No Semicolons Allowed

Illustration of No Semicolons Allowed

Many of us behind We ❤ Health Literacy also ❤ the semicolon. If prompted, we might even gush about its unique and graceful qualities. So it’s with a heavy heart that we must declare — once and for all — that the semicolon has no place in plain language communication. Here’s why.

First, many people don’t use the semicolon properly, making it a recipe for confusion. Because you are so wise, dear readers, you know that semicolons are used to connect 2 phrases that could stand on their own (i.e., independent clauses) but are related enough to warrant a connection. Unfortunately, though, many people don’t know this; thus, they use it incorrectly.

Second, the semicolon can feel very formal and academic — stuffy, even. And while we don’t think it necessarily deserves the bad rap, we can’t deny the association (think legal documents, research papers, and never-ending lists).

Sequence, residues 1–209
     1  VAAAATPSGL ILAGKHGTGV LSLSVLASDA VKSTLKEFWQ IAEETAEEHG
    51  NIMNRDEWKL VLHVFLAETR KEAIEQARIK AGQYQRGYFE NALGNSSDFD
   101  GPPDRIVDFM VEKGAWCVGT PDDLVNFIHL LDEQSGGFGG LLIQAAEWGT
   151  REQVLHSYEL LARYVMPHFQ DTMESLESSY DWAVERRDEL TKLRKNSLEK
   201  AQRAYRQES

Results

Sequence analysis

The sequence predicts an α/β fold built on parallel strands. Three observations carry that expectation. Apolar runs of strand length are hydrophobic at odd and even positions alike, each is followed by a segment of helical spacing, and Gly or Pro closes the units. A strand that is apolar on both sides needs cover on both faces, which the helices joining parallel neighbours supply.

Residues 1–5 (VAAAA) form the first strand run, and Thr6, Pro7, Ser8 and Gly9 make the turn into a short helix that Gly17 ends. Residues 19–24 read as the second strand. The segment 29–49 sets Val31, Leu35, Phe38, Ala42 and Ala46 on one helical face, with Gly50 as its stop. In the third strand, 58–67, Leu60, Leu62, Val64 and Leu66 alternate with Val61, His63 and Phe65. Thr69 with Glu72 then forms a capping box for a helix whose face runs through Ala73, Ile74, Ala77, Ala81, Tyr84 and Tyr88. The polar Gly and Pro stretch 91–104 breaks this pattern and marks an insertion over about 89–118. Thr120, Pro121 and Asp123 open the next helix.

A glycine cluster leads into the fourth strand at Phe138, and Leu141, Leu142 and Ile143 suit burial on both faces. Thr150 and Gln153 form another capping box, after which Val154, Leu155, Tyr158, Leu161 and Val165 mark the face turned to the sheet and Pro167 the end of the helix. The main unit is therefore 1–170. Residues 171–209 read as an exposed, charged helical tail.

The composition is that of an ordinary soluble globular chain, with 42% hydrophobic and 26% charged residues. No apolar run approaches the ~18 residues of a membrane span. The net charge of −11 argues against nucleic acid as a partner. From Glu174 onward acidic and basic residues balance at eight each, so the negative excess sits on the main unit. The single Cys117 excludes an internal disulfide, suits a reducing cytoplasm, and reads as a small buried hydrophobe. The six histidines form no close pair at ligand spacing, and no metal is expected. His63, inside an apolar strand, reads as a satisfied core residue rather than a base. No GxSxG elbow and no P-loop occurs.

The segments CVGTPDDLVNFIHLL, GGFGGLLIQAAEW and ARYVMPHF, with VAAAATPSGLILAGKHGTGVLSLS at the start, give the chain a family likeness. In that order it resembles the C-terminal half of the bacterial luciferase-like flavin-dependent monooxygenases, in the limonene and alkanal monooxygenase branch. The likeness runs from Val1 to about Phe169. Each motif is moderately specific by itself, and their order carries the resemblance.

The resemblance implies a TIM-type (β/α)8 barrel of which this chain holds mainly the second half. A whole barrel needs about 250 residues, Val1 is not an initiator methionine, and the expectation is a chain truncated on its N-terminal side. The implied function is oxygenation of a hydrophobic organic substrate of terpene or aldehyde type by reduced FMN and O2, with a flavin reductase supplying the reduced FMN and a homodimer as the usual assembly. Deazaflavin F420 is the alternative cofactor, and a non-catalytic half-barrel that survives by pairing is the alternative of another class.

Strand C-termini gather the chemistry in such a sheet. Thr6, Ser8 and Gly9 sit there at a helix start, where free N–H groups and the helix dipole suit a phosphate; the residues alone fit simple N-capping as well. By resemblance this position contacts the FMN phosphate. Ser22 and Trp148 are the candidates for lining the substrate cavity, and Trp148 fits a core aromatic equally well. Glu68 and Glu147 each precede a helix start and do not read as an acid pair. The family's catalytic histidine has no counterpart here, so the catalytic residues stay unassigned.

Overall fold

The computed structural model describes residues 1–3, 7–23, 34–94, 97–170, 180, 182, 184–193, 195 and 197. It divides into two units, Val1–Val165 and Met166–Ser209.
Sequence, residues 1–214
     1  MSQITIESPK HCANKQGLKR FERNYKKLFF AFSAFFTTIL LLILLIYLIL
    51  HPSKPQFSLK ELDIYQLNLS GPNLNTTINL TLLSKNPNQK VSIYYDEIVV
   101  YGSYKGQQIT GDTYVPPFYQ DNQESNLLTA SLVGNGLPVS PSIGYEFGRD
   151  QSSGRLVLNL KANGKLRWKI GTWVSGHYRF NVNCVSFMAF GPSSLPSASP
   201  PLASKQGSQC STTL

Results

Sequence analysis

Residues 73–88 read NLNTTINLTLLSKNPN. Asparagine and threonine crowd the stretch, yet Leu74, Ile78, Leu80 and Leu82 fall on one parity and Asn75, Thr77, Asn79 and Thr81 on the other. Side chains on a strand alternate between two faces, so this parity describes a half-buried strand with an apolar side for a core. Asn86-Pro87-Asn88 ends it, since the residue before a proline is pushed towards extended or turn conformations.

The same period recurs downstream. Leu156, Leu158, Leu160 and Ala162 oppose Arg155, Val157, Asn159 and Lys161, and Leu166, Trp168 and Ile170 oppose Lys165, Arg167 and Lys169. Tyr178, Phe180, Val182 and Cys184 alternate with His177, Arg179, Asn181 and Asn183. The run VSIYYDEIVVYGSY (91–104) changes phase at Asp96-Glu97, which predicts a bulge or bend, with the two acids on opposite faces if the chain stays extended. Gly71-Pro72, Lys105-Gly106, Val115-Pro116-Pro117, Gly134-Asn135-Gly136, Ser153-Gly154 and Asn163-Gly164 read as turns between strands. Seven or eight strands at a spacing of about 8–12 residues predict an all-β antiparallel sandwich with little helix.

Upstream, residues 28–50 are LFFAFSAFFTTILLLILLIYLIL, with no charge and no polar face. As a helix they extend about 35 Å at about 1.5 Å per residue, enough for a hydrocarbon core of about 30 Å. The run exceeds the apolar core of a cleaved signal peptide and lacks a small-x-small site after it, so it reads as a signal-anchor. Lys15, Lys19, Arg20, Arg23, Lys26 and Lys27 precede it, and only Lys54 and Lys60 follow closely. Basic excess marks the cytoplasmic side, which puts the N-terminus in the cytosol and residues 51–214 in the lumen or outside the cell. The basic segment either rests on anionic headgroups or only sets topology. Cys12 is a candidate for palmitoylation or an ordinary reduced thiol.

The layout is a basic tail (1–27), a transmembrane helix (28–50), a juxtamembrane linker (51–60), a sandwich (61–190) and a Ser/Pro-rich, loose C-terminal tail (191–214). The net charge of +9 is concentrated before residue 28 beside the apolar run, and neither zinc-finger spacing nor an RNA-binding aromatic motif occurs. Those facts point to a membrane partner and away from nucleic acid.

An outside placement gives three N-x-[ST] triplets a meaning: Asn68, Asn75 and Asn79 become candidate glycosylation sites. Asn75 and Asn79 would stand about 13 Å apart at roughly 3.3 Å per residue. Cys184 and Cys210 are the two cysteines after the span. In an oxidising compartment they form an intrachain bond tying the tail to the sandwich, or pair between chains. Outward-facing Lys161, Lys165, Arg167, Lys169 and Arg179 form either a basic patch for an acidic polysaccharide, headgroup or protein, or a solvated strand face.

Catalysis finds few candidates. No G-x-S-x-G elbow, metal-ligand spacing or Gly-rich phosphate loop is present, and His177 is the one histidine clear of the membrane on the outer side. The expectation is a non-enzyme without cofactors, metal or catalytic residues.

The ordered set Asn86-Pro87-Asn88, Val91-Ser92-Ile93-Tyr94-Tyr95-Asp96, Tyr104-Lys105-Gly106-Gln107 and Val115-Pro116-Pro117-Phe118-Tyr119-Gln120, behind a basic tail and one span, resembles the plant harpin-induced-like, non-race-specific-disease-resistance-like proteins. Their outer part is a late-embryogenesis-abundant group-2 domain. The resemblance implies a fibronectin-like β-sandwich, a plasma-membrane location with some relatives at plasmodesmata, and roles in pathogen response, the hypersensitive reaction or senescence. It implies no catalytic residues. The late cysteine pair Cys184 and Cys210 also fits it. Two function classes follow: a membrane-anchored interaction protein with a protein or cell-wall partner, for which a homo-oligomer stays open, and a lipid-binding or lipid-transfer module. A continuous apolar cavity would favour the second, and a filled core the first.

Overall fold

So, skip the semicolons in your plain language health materials. If you find yourself staring helplessly at a sentence with a semicolon, the best solution may be to break it into 2 sentences. (After all, a semicolon connects 2 standalone phrases, right?)

You can also consider the other punctuation marks you have in your grammar toolbox. In case you haven’t noticed, we’re particularly partial to the em dash ( — ). And if you’re using semicolons because you have a long list of items, use good ol’ fashioned bullets instead.

But in your personal correspondences and literary contributions, disregard this advice and knock yourself out with the semicolon.

The bottom line: Semicolons just aren’t invited to the plain language party — but you can make it up to them later.